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Home Watch out: 419e Plans can cause Reduced 401(k) Plan Contributions

Watch out: 419e Plans can Cause Reduced 401(k) Plan Contributions

It’s certainly not every day that I learn something new, but  recently I had one of those days.  Because 419 plans are still a “hot” topic in the insurance, financial, accounting and legal communities, I believe it is important for me to continue to keep you informed on this much abused topic.

Many of you read with interest the newsletter from a few weeks ago where I discussed using VEBAs as a nice year end income-tax planning tool for highly compensated business owners who have maxed out their pension plans and are looking for additional deductions.  (If you did not read the last week’s newsletter on VEBA and would like to or would like the PowerPoint which went along with the VEBA Webinar, please e-mail Email Us“>Email Us and indicated that you would like a copy of the newsletter and/or the PowerPoint presentation.)

My stance on single employer VEBAs and 419e plans is that they are a misunderstood tool by both the client and the advisors selling them.  Everyone touts them as a terrific way to buy life insurance in a “tax-deductible” manner where the death benefit can pass income and estate-tax free if the beneficiary designation is setup correctly. That is true and it can be a nice benefit, but what is not talked about much in the industry are the table 1 costs that the client must recapture every year.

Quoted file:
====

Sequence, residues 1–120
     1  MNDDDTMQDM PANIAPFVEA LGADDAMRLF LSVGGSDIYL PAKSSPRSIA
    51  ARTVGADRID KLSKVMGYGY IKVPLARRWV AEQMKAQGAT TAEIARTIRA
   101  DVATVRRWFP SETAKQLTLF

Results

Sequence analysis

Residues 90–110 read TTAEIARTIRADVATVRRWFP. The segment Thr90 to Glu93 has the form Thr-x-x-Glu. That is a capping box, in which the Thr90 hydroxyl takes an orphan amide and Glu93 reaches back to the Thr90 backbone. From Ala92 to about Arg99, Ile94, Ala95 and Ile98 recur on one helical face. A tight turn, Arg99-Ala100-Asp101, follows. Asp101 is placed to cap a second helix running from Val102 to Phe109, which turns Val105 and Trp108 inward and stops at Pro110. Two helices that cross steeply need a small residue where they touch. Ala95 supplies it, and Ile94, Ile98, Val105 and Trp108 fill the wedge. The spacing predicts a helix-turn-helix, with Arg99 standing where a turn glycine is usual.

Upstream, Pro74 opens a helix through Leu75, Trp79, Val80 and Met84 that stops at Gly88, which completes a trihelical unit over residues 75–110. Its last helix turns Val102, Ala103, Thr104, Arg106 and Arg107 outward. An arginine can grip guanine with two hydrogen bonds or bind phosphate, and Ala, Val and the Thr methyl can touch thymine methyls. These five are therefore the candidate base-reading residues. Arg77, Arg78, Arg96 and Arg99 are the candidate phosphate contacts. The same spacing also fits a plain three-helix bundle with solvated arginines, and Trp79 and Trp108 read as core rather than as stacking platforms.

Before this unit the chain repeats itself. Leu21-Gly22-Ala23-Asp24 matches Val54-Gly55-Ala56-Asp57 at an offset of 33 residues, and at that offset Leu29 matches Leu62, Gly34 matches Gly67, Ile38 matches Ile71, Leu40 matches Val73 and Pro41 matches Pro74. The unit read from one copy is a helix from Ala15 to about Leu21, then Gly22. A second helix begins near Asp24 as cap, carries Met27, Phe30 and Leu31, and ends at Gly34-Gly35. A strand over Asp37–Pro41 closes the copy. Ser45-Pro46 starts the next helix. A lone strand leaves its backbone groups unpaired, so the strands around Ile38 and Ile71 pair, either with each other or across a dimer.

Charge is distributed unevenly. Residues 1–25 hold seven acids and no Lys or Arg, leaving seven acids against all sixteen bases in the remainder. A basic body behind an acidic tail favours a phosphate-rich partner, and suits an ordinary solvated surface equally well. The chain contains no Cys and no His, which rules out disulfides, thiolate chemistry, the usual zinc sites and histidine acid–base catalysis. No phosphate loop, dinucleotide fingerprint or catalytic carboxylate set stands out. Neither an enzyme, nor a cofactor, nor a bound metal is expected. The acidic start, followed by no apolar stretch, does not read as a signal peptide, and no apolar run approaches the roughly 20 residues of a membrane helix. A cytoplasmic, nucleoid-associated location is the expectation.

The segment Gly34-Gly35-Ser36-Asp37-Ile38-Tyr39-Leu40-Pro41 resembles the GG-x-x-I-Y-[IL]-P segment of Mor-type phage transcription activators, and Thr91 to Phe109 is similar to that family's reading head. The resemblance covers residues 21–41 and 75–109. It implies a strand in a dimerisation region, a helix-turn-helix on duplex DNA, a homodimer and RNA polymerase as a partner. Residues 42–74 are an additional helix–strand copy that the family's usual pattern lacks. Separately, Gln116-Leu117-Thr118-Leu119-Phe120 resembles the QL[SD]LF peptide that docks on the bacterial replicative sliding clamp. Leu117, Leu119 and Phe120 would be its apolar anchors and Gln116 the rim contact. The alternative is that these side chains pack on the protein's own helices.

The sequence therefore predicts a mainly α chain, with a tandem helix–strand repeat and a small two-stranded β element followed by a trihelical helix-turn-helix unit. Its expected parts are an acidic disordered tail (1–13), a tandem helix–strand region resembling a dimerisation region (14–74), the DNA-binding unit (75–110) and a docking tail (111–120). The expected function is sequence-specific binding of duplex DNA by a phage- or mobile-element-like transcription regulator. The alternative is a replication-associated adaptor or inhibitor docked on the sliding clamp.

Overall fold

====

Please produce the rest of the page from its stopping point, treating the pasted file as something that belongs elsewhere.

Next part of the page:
When a client is younger, this recapture cost is not significant. However, when a client nears age 60-65 the cost becomes significant.  At age 45, a client who has a $2,550,000 death benefit from a policy inside a 419 plan has to recapture as imputed/phantom income $4,500.  If the policy stays in the 419 plan until the client reaches 69 years old (well before the assumed date of death), the total recaptured/imputed phantom income would be $411,500 over the life of the plan.  This cost is almost never discussed with the client.

For those of you that are selling 419 plans of any kind, do you discuss this with your clients?  For a more detailed summary on the phantom income issue with 419 plans and how to calculate that income, please e-mail Email Us“>Email Us and a summary will be provided to you.

Reduction in 401(k)/defined contribution plan contributions

Many of the advisors reading my newsletter had clients take corporate deductions for contributions to 419 or VEBA plans at the end of 2006. Many of those plans included an element of post-retirement medical benefits for the employees (which is a great idea). The problem, as you will read, is that IF a client is “maxing-out” their 401(k)/Profit Sharing plan and contributed to a 419/VEBA plan where “post-retirement” medical benefits were included, the client is probably aware that he/she will receive NO deduction for the 419/VEBA contribution. See below for more information.

If you go out into the marketplace and look at single employer 419e and single employer VEBA plans (or even multiple employer plans), you will notice that most offer some kind of “other living benefit” with their plans (vs. a death benefit only plan).

I like the sale’s pitch which goes something like the following:

Advisor: Dr. Smith, would you agree with me that you will have thousands of dollars in medical bills after you retire?  (For example: drug costs and other long-term care costs).

Dr. Smith: Yes, my mother and father (ages 68 and 72) paid nearly $10,000 last year for such expenses.